Dr. Pepper is crashing Coca-Cola and PepsiCo’s profit party.

Whenever you hear someone talking about the beverage industry, you immediately think Coca-Cola and PepsiCo.  But what about Dr. Pepper Snapple Group? Over the past 20 years this company has built itself into a smaller beverage powerhouse via a series of acquisitions beyond the beloved Dr. Pepper and Snapple Iced Tea.  It also owns Canada Dry, 7UP, A&W, Sunkist, and a number of others.  The company’s stock is currently up 30% in the past 12 months and pays a very handsome dividend.  The company beat expected earnings when it reported early last week.  So I want to dig deeper into this companies’ prospects and look at how management is planning for a bright future.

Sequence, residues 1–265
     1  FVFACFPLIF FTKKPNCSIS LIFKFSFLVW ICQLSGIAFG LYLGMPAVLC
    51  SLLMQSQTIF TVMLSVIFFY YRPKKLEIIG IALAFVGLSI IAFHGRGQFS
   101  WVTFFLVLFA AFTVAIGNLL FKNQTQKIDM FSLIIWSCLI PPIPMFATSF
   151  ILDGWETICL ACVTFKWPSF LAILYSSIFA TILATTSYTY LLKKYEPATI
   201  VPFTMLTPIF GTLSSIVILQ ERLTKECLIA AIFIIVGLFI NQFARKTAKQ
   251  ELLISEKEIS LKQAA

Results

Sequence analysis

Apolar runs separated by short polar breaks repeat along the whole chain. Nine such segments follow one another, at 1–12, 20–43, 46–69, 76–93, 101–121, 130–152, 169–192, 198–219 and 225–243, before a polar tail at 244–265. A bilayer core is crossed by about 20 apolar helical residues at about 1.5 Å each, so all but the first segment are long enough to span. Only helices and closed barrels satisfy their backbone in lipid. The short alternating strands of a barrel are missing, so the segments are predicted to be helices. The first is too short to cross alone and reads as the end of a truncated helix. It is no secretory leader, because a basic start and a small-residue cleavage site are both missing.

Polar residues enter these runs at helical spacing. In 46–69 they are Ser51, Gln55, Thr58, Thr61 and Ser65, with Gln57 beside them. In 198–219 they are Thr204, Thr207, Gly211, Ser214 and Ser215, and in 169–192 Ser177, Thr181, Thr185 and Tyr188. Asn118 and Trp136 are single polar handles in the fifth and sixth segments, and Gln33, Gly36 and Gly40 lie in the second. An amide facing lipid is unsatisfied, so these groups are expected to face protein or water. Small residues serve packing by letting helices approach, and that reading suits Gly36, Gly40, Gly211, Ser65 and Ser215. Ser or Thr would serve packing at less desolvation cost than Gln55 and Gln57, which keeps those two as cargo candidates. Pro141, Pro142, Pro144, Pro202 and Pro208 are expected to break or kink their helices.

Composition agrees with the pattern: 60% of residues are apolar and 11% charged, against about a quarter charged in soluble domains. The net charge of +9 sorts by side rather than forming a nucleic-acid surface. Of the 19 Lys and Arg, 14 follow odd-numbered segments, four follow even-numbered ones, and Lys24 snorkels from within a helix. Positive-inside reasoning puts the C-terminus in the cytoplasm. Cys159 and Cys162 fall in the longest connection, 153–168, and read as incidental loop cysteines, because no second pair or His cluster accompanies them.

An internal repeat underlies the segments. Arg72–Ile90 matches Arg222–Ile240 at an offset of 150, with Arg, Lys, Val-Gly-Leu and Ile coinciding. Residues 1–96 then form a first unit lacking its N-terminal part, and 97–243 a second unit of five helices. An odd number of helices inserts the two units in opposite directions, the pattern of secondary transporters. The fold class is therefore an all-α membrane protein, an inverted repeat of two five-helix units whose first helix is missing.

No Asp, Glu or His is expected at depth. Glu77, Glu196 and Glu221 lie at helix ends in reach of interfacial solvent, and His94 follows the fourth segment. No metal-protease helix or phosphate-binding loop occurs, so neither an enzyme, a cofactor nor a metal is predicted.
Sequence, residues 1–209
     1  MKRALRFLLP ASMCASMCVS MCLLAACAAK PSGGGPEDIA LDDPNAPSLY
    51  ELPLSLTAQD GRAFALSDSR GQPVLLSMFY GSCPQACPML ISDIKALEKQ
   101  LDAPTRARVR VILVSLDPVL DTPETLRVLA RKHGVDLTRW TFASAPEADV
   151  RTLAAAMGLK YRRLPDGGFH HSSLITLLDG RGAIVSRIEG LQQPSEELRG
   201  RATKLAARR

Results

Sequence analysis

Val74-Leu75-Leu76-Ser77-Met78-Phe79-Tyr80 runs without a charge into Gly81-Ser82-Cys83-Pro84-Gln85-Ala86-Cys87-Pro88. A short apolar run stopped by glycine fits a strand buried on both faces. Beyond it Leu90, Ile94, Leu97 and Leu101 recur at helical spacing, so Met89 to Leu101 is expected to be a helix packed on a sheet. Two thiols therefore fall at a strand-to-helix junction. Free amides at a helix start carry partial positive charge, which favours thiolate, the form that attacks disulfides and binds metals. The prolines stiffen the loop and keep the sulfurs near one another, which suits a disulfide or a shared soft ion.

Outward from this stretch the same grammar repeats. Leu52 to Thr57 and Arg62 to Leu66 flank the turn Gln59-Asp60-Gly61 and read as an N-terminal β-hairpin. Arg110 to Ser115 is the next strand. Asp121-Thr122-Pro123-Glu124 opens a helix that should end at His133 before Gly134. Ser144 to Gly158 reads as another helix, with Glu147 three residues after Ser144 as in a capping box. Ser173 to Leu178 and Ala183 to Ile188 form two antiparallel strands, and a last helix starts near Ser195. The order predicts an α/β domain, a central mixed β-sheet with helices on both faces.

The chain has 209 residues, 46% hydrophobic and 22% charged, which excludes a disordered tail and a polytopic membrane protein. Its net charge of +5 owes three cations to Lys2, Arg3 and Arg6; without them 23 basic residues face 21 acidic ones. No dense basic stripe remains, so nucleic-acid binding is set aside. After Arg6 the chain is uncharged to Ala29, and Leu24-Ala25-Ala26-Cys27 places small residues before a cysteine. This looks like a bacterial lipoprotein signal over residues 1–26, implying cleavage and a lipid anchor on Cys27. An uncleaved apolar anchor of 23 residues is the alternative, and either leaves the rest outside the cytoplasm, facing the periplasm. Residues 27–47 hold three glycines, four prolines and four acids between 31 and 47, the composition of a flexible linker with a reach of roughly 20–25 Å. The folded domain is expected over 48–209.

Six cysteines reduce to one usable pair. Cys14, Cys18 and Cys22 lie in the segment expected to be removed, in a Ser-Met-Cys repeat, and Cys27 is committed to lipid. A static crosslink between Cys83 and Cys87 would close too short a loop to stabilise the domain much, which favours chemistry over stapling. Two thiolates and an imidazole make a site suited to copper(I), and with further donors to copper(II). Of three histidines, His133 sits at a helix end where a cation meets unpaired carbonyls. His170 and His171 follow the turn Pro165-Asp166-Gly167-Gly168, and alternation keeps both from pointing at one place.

The beverage industry is a particularly hard one to compete in.  A certain Mayor has made this sector even more competitive due to recent activities.  Consumers have been driven away from these beverages because of the negative publicity that high sugar beverages have received. Dr. Pepper Snapple Group has been developing new products to take up aisle space.  About a year ago Dr. Pepper 10 (only 10 calories) was launched in efforts to bring back those lost customers and show them that this company is offering more choices.  Much of Dr. Pepper’s business is done in the United States due to the restrictions overseas.  Some of these brands would be gigantic if they were to be sold overseas.  However, although they have not begun to do so yet, the company can sell a few of its non-carbonated products in the Asia-Pacific area.  The company has done a stellar job in Latin America making it a gold mine for profits.   But what makes this company’s future so bright, is that it is more focused on North America.  Even though the behemoths out there have slowed down (Cola fatigue) Dr. Pepper Snapple Group still has many opportunities with distribution availability.